We got this email recently, and figured it’s a good question to share with everyone:
The Metal Bandcamp Gift Club is one of the coolest things I have ever seen hatched on Twitter. I’m definitely a metal head, but I also like stuff from other genres. I want to step outside of metal realm and gift people other genres of music as well, because I like the idea so much. My question to MetalBandcampGiftClub is: Do I still use the #metalbandcampgiftclub hashtag? Is that the metal thing to do, or does that undermine what you are trying to accomplish?
There’s really no rules, but it’d be fun to include the #MetalBandcampgiftclub hashtag just so people see where it sort of “came from.” And also, because fellow metalheads would probably like seeing the music, too! A lot of us listen to other genres of music, with metal being our “home,” but we still love so much other music!
Frank Santorelli shares his story with Inhale the Heavy, and how he was almost ready to quit Twitter!
“You want to know my favorite part of #MetalBandcampGiftClub? It’s the regular, daily interaction with many of these new people who I am now following. The metal community on social media is becoming closer. In real life I am a loner. I have very few friends. Twitter has become my hangout while I’m drinking a glass of scotch and petting my puppy, JD. You all have become my friends. That may sound silly to some, but to me, it’s been a great experience.”
That’s how #MetalBandcampgiftclub started – lots of conversations, meeting at shows, going out to dinner – and that’s how it’ll keep going. Read the rest over at Inhale the Heavy.
Great job, #MetalBandcampgiftclub! Purchasing 30+ albums in a day is amazing! Remember, if you’d like some Bandcamp goodies for your birthday, follow @Petkau, and DM him your birthday (DATE/MONTH).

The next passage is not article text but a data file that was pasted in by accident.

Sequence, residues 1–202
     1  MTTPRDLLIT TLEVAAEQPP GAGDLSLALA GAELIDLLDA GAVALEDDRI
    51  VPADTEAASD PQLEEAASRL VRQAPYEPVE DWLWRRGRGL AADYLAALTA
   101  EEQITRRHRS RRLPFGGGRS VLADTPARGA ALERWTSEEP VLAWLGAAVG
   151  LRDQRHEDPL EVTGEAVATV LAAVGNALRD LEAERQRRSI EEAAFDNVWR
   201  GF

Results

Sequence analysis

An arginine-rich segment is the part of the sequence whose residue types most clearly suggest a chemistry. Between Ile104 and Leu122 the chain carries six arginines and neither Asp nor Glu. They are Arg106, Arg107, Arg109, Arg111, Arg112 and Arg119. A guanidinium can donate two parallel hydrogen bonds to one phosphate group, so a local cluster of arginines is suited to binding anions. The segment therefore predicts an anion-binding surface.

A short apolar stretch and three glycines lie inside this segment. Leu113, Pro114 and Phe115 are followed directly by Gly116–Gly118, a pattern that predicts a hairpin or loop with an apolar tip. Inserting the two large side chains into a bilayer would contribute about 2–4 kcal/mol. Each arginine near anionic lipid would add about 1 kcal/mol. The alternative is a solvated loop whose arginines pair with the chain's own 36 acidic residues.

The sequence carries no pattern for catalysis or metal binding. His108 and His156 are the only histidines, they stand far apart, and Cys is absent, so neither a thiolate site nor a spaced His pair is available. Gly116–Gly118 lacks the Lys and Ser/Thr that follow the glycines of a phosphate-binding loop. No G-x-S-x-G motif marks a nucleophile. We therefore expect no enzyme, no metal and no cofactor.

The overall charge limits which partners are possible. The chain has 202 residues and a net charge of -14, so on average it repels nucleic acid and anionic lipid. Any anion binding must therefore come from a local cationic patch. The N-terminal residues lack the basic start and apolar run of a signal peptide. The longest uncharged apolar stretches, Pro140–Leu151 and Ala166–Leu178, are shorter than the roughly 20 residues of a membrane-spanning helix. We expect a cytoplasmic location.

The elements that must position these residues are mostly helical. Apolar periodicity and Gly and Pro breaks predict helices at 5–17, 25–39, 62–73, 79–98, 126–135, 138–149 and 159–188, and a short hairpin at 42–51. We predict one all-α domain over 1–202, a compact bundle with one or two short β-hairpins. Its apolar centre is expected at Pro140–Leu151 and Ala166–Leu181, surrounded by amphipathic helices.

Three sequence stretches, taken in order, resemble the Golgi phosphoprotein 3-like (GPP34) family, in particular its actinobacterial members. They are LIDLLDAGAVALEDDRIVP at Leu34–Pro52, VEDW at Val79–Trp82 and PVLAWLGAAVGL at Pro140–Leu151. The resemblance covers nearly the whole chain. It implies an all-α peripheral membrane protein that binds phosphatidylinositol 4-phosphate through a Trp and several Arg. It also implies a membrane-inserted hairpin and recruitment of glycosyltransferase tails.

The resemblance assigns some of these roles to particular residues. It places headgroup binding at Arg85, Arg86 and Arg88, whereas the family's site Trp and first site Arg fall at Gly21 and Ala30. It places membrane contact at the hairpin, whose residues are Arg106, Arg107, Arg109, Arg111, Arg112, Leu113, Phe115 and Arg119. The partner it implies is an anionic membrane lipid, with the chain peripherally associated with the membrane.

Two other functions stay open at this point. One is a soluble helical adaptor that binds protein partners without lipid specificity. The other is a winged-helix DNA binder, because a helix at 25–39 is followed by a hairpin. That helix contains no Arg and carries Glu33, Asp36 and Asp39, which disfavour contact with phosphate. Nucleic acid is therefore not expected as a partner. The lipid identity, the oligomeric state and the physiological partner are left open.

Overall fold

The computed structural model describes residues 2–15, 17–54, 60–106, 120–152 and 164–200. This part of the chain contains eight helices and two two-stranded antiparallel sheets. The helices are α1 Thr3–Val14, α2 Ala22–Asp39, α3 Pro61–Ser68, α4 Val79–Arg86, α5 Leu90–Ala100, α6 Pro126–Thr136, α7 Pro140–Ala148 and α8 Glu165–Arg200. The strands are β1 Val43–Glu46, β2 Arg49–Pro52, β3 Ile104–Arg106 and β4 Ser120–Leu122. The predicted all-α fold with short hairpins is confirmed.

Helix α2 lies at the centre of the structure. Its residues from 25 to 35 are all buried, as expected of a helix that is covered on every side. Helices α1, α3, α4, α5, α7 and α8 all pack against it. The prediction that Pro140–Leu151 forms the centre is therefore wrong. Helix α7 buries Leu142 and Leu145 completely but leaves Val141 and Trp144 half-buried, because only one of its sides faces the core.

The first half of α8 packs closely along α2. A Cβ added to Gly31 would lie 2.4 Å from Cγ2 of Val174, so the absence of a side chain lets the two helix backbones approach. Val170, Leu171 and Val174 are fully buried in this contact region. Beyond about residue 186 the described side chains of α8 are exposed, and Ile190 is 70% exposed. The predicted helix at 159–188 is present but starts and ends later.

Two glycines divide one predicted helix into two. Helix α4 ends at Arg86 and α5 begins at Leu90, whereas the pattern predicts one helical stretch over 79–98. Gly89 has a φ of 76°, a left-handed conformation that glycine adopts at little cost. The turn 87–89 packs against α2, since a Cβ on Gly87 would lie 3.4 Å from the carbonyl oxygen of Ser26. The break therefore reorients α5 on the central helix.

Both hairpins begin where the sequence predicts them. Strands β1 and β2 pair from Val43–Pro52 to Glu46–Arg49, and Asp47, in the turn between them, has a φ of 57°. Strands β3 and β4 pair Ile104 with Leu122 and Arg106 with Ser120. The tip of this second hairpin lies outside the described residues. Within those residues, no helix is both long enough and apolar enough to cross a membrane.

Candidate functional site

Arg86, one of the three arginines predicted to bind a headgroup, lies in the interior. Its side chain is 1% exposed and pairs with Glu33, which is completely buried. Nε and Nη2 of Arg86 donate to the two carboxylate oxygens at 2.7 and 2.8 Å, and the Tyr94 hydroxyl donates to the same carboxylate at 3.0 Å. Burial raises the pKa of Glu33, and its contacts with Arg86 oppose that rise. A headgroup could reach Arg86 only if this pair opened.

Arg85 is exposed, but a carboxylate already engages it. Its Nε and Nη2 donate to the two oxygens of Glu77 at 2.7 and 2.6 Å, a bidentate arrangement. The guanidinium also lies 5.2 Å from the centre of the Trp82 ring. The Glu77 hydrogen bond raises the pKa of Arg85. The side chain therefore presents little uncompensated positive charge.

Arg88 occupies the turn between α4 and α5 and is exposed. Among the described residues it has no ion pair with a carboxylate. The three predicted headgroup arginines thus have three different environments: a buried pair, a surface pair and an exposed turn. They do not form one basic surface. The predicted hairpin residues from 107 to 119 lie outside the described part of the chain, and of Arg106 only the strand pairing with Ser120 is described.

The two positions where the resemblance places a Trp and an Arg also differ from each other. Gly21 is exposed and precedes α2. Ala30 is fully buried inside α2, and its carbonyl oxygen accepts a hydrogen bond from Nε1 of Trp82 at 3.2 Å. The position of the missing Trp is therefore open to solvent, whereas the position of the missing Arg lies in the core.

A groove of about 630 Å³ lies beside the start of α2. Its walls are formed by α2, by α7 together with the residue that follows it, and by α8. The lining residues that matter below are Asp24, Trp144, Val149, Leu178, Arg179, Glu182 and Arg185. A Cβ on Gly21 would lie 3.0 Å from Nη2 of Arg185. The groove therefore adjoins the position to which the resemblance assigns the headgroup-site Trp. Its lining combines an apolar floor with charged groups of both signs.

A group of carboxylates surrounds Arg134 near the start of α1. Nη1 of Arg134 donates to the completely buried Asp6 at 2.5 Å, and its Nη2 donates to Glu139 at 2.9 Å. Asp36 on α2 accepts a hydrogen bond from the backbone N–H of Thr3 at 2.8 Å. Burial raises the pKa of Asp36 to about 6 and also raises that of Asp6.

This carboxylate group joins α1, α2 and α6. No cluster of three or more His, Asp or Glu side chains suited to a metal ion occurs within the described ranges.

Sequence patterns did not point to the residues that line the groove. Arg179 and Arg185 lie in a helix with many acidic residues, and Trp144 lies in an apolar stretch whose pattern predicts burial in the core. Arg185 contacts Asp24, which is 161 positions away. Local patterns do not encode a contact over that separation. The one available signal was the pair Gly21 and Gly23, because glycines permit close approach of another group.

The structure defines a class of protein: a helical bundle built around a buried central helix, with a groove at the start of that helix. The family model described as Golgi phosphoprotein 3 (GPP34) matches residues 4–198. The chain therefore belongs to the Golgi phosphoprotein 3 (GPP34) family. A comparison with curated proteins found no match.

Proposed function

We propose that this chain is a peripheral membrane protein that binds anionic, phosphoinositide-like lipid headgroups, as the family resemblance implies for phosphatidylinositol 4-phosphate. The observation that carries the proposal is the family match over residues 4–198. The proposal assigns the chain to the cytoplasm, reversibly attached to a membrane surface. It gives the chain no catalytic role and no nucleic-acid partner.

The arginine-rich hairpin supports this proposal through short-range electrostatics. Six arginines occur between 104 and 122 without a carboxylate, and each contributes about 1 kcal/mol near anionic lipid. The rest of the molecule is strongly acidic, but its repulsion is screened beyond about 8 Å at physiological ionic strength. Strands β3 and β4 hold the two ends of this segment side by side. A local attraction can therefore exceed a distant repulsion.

Zach, Jeremiah, and Seth were interviewed for this huge Bandcamp piece!
BC: What was the most exciting part for you as the hashtag started taking off?
Jeremiah: Seeing other people tweet about being excited to get an album from a relative stranger. There was already a small metal community on Twitter, and I kept seeing everybody pull together around this idea of making somebody else smile. It was just seeing everybody feel good about doing something cool. There’s the stigma with metal that everything needs to be dark and brooding and angry all the time, but even before this happened, we’d built a community of good people who try to help each other. So to see that cement around doing something cool for each other has just been huge. For me personally, it’s been a light in the darkness—a candle that was lit when things were pretty dark.
Read the interview all about #MetalBandcampgiftclub over on the Bandcamp blog!
Shayne Mathis from Full Metal Hipster talks about #MetalBandcampgiftclub in his latest episode! Go listen to episode #31, starting at the 5:14 mark (after the Hush song) to hear Shayne talk about its beginnings, and his experience with gifting people music!
It’s great to see people covering #MetalBandcampgiftclub! This one from XTAPOLAPOMETAL, a blog that’s all about metal and The Simpsons:
“There have been some pretty amazing positives that have come out of this whole idea in the last week alone. A lot of people will gift albums from bands they are friends with when they see them in a wishlist. We actually got the Couch Slut album ‘My Life As A Woman’ into the top ten best sellers for about 2 days straight and a bunch of Slaves BC albums into the top ten as well. It’s extremely gratifying to see bands be like “Hey, we were able to fill our gas tank and buy ourselves dinner for the first time in a week!” all because of some metal fans being nice for once. Funny story: David Hall, the man behing Handshake, Inc., actually tweeted out about how he was worried someone from Couch Slut had died because of the spike in sales. Which in itself is a sad condemnation of the way the media in general works. “Oh, someone died? I guess I should buy their album now.”
Read the rest of the article here.
Well, this is a beautiful thing. There were a lot of people involved in those gifts. Think about it, not just the person sending the gift, or the person receiving it. But the band members, the labels, the people who work at BandCamp, the designers who created the artwork, the producers who worked on the album, the duplication plants that pressed their CDs, the writers who wrote about the releases so they’d end up on a BandCamp wishlist.
When this happens – when people buy albums – wheels turn! Onward to 500!